It has a few issues that you may want to know about, but are they serious enough to steer away from this camera?
- Ergonomically, it feels good to hold.
- Autofocus is an issue. While shooting wildlife, the camera hunted for focus and caused many missed shots. Even during a portrait shoot, the Z6 sometimes narrowly missed focus. As a result, they had to over-shoot to ensure they got at least one shot in focus.
- Autofocus also failed in backlit scenarios, so manual focus was used.
- The camera advertises shooting at 11 frames per second, but when shooting moving objects such as birds, you will need to drop that down to around 5 frames per second.
- Because the sensor doesn’t close when changing lenses, there is more possibility of getting dust on the sensor (an issue with mirroless cameras in general).
- There are no native lenses for the Z mount so you need an adapter.
- White balance is the worst they have seen in any camera, and it had to be set manually.
- Exposure compensation had to be constantly adjusted to get the right exposure. The camera would often underexposure backlit portraits – often by a number of stops.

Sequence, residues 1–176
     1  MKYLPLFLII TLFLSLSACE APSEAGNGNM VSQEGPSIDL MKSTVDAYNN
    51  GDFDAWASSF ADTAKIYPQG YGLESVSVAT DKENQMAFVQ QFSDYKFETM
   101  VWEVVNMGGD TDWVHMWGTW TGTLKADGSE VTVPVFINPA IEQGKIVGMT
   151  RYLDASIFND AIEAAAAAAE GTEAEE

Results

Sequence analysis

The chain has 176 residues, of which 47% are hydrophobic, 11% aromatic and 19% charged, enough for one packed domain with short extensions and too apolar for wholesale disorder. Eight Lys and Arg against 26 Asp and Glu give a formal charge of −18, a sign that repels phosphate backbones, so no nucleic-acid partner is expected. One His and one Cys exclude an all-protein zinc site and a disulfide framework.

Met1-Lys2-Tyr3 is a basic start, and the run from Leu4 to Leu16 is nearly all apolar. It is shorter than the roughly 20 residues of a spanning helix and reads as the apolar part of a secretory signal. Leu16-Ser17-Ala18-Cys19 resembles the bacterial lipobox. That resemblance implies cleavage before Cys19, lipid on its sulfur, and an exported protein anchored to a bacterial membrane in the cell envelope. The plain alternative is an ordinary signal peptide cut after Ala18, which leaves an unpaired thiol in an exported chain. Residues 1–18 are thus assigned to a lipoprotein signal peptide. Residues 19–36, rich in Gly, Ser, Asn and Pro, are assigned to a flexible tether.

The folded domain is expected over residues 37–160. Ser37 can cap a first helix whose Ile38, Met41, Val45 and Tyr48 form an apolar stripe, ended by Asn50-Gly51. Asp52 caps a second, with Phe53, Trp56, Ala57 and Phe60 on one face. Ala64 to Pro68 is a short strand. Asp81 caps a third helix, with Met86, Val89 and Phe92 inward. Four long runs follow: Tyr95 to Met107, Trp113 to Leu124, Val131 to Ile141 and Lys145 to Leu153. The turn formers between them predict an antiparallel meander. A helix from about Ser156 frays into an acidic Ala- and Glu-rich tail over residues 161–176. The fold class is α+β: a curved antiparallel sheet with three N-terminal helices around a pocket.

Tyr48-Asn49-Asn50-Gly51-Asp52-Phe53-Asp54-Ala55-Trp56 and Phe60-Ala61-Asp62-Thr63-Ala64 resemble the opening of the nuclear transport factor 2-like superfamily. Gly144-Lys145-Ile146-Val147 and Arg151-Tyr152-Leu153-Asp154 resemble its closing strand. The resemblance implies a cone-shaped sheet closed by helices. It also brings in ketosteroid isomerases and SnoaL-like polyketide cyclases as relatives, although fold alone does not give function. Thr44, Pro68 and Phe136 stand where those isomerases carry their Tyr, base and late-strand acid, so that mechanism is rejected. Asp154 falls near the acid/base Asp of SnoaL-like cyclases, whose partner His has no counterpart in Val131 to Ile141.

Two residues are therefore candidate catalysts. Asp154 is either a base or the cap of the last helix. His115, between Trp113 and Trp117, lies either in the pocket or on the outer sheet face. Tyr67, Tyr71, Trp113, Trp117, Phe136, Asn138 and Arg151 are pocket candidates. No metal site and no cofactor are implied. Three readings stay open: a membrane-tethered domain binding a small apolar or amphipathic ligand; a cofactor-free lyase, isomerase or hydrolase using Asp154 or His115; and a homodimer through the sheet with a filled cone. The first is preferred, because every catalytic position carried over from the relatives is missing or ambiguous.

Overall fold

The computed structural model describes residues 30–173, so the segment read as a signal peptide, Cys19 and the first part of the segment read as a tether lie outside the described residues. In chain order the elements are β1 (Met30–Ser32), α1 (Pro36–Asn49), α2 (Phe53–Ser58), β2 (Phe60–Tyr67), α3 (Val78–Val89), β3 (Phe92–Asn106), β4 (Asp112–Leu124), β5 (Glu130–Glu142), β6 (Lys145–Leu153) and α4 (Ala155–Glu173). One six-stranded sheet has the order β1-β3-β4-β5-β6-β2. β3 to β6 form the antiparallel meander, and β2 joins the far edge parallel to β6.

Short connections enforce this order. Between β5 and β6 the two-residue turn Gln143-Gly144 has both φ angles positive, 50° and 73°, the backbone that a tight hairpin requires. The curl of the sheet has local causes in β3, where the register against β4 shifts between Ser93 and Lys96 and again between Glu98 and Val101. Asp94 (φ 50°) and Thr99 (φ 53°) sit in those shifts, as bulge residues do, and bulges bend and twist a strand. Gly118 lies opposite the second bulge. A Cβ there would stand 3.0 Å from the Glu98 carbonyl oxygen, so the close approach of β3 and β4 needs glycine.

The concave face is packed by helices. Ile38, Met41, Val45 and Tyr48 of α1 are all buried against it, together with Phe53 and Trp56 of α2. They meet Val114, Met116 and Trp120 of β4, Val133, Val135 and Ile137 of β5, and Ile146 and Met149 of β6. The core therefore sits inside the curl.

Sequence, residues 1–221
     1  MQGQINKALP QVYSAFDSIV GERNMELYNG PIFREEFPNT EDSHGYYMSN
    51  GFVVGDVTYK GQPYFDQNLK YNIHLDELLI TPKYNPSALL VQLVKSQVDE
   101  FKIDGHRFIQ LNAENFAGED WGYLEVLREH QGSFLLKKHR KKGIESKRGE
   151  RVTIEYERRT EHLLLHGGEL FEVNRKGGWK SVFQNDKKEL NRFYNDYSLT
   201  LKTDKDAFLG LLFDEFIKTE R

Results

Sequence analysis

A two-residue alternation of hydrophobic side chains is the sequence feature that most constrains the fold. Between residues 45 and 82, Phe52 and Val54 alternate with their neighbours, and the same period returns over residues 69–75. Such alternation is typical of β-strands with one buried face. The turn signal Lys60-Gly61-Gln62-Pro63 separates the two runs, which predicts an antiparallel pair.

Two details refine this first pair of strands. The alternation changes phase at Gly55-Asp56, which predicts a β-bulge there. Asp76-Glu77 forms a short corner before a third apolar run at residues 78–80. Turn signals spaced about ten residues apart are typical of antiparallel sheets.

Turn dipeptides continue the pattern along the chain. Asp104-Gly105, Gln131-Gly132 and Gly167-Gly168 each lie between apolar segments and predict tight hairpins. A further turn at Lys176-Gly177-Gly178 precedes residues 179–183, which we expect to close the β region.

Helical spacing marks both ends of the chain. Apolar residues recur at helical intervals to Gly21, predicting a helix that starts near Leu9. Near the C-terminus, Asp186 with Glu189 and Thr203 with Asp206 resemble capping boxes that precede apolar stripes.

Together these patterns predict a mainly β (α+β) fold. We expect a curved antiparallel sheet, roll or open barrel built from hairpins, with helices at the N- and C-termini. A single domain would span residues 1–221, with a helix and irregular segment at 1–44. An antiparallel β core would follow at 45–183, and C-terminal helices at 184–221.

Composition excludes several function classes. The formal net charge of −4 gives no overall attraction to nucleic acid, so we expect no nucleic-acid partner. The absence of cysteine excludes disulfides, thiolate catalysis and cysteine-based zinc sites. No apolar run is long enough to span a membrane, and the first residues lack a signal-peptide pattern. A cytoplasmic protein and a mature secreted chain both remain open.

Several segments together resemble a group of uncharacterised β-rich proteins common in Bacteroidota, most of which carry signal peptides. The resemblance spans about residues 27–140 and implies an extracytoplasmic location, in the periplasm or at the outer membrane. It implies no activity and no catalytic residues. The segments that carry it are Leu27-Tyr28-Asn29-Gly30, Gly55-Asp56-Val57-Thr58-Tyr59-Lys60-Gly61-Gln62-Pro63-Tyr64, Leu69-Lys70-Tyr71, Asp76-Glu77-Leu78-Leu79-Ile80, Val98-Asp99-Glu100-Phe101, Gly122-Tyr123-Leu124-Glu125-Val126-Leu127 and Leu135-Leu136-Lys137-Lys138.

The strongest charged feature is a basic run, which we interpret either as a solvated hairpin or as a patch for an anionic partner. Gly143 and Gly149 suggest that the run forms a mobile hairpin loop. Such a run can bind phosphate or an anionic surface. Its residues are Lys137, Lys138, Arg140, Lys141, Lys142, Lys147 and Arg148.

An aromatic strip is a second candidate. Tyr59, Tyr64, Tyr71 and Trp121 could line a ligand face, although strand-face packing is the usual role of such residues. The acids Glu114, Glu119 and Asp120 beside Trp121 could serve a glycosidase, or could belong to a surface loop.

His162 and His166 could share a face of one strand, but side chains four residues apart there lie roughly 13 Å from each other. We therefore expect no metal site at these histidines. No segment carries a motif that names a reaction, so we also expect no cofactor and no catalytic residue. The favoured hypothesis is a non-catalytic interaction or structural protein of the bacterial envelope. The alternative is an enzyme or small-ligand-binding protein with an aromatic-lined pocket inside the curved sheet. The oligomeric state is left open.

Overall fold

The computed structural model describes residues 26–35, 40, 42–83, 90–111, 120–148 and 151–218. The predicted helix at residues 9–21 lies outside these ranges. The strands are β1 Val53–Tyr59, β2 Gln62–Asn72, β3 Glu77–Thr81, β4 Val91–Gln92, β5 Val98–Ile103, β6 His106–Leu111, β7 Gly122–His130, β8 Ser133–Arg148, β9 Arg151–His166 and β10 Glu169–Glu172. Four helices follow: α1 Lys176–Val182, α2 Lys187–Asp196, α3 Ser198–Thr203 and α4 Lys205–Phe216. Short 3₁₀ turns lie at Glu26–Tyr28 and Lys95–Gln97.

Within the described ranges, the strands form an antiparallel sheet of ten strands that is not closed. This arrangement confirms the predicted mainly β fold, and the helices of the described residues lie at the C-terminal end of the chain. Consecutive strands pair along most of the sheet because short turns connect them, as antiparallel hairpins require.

If you are a photographer, you may be better off buying a used Nikon D750 with the same lenses, with no need for an adapter. You’ll get the same image quality, without the focusing issues, plus two card slots.
- When using video, rolling shutter is prevalent.
- The image stabilization isn’t good when shooting video, so often needed to be switched off. It was jarring when walking, which is problematic due to the native lenses not having image stabilization either.
- Focusing points go all the way to the edge of the frame.
- While the Z6 doesn’t have eye detection focus, Nikon has promised it in a future Firmware upgrade.
- While the Z6 has the best video autofocusing of any Nikon camera, they are still way behind other competitors.
- The video looks great when shooting in low-light scenarios. So much so that it outperforms it’s competitors in this area, including the Canon EOS R, Nikon Z7, Nikon D850, and Sony A7R III. This makes it one of the best low-light video performance cameras ever made.
- Auto White balance can be very problematic and often required setting it manually.
- No flip screen for filming yourself.
If you must go mirrorless, perhaps try competitor brands such as Sony and Fuji.
You may also find the following articles helpful:
- The New Panasonic Lumix S1 and S1R – Could these Full-frame Mirrorless Cameras be Cameras of the Year?
- Why We Have Such a Love-Hate Relationship with Mirrorless Cameras
- Gear Review: The Lumix G9 Mirrorless Camera
- The 19 Most Popular Compact System and Mirrorless Cameras with Our Readers
- Which Crop Sensor Sony a6000 Series Camera Should You Buy?